Only one generation ago, kids routinely walked or bike to school. Today, fewer children are walking and biking and more parents are driving. This shift towards a more sedentary lifestyle has resulted in a number of health concerns such as childhood obesity, diabetes, and the risk for heart disease.
- Over the past 40 years, obesity rates have soared among children of all ages and over 33% of all kids—25 million—are now overweight or obese or at risk of becoming so.
- 23% of children get no physical activity at all.
- Today, approximately one-quarter of all health care costs in the United States is attributed to obesity and related illnesses.
- Families that live in auto-oriented suburbs drive more, walk less and are more obese than people living in walkable communities.
(Image Source: Safe Routes to School National Partnership)
The U.S. Department of Health and Human Services recommends that children and adolescents get at minimum, one hour or more of physical activity each day. Walking and bicycling to school helps kids incorporate the regular physical activity they need each day while also forming healthy habits that can last a lifetime. Regular physical activity helps children build strong bones, muscles and joints, and it decreases the risk of weight related diseases.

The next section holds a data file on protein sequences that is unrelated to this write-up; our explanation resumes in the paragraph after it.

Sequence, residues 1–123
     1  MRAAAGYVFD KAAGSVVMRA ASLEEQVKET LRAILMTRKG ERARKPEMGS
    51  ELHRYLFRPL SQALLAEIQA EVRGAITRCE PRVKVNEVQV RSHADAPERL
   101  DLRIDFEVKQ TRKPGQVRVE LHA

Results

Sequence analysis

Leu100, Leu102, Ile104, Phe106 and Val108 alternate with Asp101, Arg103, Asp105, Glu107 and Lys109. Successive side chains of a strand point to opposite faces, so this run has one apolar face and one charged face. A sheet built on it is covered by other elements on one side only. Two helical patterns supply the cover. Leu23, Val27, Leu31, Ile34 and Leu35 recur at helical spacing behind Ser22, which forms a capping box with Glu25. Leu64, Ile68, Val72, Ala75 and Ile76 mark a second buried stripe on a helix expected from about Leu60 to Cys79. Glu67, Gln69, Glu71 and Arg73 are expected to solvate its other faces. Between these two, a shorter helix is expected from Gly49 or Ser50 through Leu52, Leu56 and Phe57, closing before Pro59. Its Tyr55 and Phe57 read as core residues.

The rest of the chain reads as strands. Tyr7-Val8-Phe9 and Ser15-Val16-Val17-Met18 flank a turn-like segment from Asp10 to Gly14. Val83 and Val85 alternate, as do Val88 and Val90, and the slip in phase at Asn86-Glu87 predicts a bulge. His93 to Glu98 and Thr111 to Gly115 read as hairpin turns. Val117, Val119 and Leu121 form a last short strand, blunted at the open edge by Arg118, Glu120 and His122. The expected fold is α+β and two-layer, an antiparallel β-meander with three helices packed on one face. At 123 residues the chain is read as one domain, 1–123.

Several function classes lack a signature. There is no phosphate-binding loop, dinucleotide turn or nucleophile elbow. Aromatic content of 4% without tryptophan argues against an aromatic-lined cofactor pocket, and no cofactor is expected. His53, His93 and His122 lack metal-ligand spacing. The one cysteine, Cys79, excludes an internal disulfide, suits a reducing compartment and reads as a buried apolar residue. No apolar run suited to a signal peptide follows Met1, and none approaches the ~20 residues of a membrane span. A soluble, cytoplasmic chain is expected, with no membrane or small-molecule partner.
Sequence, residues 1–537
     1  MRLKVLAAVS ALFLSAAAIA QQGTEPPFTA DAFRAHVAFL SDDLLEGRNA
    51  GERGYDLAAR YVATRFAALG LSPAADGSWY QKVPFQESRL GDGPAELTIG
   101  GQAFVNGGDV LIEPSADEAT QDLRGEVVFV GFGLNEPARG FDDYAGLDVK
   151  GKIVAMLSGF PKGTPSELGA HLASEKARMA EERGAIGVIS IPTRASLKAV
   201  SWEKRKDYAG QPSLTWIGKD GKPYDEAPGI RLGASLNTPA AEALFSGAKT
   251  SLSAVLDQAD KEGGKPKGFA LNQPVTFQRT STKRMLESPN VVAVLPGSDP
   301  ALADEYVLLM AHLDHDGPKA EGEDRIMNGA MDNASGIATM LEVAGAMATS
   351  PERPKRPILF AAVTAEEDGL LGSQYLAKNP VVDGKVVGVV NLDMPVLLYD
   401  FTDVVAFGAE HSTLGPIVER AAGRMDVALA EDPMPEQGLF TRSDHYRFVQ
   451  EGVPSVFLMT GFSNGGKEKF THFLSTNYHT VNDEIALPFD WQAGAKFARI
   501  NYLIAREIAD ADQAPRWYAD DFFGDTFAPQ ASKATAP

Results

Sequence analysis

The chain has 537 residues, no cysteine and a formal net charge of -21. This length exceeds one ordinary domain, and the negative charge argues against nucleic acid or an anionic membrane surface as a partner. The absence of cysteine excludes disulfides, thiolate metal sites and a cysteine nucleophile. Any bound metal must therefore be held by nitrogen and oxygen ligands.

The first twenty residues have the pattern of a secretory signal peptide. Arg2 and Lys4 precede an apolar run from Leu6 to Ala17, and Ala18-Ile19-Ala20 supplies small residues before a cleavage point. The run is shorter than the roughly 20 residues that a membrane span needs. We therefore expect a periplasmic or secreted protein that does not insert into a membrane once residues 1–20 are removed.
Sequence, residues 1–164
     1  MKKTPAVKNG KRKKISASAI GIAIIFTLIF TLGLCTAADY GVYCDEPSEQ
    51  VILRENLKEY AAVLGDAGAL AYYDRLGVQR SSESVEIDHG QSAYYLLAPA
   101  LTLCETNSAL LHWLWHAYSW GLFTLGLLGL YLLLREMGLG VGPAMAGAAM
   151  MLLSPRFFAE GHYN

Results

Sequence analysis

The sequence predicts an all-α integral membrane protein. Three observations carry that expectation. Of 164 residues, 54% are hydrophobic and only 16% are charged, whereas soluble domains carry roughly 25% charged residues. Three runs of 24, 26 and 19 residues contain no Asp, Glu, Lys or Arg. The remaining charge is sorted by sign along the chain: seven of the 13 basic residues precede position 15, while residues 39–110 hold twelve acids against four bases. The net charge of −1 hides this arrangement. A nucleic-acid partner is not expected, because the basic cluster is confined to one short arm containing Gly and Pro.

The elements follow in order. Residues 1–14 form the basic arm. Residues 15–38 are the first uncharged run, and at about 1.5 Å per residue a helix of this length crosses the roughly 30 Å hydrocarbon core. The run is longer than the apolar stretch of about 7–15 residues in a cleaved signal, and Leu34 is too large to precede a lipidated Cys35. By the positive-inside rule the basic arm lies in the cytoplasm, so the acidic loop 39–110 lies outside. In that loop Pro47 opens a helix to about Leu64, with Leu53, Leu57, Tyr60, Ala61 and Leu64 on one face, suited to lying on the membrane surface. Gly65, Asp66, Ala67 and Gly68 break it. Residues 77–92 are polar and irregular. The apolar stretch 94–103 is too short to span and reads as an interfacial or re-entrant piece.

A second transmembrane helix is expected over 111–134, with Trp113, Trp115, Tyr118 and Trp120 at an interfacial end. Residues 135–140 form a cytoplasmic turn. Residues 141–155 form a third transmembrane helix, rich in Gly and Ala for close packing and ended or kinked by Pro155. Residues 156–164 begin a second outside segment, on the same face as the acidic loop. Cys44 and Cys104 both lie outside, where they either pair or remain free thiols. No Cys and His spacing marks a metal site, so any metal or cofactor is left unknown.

Obesity is widespread today – affecting approximately 34 percent of adults and 17 percent of children. People with obesity are at increased risk for many significant health conditions, including diabetes, heart disease, stroke, and some cancers. Read more in the Safe Routes to School National Partnership publication “Investing in Walking, Biking, and Safe Routes to School.“
Safe Routes to School projects make it safer for more children to walk and bicycle to school, which will help create healthy kids.